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This article in AJ

  1. Vol. 99 No. 3, p. 599-606
     
    Received: Oct 19, 2005


    * Corresponding author(s): smason1@unl.edu
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doi:10.2134/agronj2005.0290

Nodulating and Non-Nodulating Soybean Rotation Influence on Soil Nitrate-Nitrogen and Water, and Sorghum Yield

  1. Nanga Mady Kayea,
  2. Stephen C. Mason *b,
  3. Tomie D. Galushac and
  4. Martha Mamod
  1. a 2901 18th St., NW., Apt. 408, Washington, DC 20009
    b Dep. of Agronomy, 229 Keim Hall, Univ. of Nebraska, Lincoln, NE 68583-0915
    c 202 KCR, Univ. of Nebraska, Lincoln, NE 685830-0915
    d 242 Keim Hall, Univ. of Nebraska, Lincoln, NE 68583-0915

Abstract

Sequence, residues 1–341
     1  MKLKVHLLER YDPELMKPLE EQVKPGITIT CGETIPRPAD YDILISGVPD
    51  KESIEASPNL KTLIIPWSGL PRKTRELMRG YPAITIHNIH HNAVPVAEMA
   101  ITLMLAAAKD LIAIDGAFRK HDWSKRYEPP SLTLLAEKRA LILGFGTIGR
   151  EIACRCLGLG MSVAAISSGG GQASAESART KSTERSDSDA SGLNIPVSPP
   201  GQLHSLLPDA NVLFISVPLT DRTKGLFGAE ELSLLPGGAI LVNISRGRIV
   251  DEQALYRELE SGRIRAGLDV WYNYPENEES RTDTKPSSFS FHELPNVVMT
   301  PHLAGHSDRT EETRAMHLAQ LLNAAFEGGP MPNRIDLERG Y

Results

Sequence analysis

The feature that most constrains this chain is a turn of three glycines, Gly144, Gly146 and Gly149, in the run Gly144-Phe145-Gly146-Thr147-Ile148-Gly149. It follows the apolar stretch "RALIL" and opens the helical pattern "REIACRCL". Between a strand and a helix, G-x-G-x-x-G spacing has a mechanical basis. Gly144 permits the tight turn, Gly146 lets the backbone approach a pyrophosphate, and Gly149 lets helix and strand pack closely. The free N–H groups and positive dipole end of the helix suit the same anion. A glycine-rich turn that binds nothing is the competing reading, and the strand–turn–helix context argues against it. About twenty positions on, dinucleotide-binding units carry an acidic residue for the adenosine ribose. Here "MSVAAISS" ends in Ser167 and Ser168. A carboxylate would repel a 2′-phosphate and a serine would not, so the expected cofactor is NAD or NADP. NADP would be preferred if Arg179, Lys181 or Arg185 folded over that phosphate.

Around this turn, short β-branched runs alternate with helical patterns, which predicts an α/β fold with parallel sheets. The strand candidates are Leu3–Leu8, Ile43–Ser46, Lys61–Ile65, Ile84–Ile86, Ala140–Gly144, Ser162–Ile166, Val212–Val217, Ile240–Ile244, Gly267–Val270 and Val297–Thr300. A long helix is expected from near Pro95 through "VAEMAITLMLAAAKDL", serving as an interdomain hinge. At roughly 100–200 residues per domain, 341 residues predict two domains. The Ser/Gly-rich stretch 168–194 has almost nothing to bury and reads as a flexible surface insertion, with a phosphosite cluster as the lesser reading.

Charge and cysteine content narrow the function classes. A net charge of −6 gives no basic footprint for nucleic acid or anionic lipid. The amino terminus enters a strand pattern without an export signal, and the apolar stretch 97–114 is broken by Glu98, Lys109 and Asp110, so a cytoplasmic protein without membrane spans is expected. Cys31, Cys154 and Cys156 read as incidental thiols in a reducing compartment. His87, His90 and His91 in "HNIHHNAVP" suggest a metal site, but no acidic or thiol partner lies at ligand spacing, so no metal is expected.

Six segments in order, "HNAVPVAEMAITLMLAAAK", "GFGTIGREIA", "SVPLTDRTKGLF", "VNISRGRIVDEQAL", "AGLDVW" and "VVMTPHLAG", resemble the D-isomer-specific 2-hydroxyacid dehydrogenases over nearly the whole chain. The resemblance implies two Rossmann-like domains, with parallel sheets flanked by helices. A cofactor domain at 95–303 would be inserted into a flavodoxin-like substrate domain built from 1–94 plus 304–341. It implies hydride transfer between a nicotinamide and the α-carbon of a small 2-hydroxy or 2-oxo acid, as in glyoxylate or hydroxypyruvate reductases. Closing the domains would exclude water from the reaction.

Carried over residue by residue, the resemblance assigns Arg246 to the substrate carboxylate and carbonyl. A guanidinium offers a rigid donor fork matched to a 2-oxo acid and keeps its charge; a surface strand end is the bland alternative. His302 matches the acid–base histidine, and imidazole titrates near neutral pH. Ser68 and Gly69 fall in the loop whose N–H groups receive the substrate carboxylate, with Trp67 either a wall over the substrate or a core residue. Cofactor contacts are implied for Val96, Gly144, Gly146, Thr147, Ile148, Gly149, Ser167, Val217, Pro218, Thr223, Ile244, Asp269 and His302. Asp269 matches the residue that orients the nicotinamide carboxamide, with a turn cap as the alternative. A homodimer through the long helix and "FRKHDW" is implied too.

Soybean [Glycine max (L.) Merr.] rotation has been shown to enhance grain sorghum [Sorghum bicolor (L.) Moench] growth and yield due in part to N contribution. Sorghum grain and stover yield, yield components, soil water and soil NO3–N were measured in a long-term rotation study in 2003 and 2004 on a Sharpsburg silty clay loam (fine, smectitic, mesic Typic Argiudoll). The objectives were to separate biologically fixed N from other rotation effects on sorghum grain and stover yields, and to relate yield to yield components, soil NO3–N and water contents. The cropping sequences were continuous grain sorghum, and sorghum rotated with non-nodulating or nodulating soybean. Soil amendment treatments consisted of control (zero), manure (17–25 Mg dry matter ha−1 yr−1), and N (41 kg ha−1 for soybean and 84 kg ha−1 yr−1 for sorghum). Cropping sequence × soil amendment interaction effects were found for most parameters measured. High soil NO3–N following soybean rotation and from amendment application promoted plant growth leading to low soil water content at anthesis, and increased kernel weight, grain and stover yield. Rotation with non-nodulating soybean without soil amendment increased grain yield by 2.6 to 3.0 Mg ha−1 and stover yield by 1.5 to 1.8 Mg ha−1 over continuous sorghum without soil amendment. Rotation with nodulating soybean further increased grain yield by 1.7 to 1.8 Mg ha−1 and stover yield by 0.6 to 0.9 Mg ha−1 Biologically fixed N effects accounted for only 35 to 41% of enhanced sorghum yield due to crop rotation with soybean. Soil NO3–N during vegetative growth, plant height, soil water content at anthesis and kernel weight were the most important parameters related to sorghum grain yield across cropping sequences and soil amendments.

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